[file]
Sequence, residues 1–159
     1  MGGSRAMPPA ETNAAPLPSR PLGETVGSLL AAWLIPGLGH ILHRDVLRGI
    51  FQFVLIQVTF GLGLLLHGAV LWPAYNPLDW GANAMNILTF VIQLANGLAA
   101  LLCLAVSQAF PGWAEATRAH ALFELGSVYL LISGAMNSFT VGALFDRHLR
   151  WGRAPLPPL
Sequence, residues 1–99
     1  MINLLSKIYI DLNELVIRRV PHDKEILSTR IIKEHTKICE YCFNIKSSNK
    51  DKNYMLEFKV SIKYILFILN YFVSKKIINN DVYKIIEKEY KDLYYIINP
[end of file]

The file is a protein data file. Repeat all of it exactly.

Sequence, residues 1–159
     1  MGGSRAMPPA ETNAAPLPSR PLGETVGSLL AAWLIPGLGH ILHRDVLRGI
    51  FQFVLIQVTF GLGLLLHGAV LWPAYNPLDW GANAMNILTF VIQLANGLAA
   101  LLCLAVSQAF PGWAEATRAH ALFELGSVYL LISGAMNSFT VGALFDRHLR
   151  WGRAPLPPL
Sequence, residues 1–99
     1  MINLLSKIYI DLNELVIRRV PHDKEILSTR IIKEHTKICE YCFNIKSSNK
    51  DKNYMLEFKV SIKYILFILN YFVSKKIINN DVYKIIEKEY KDLYYIINP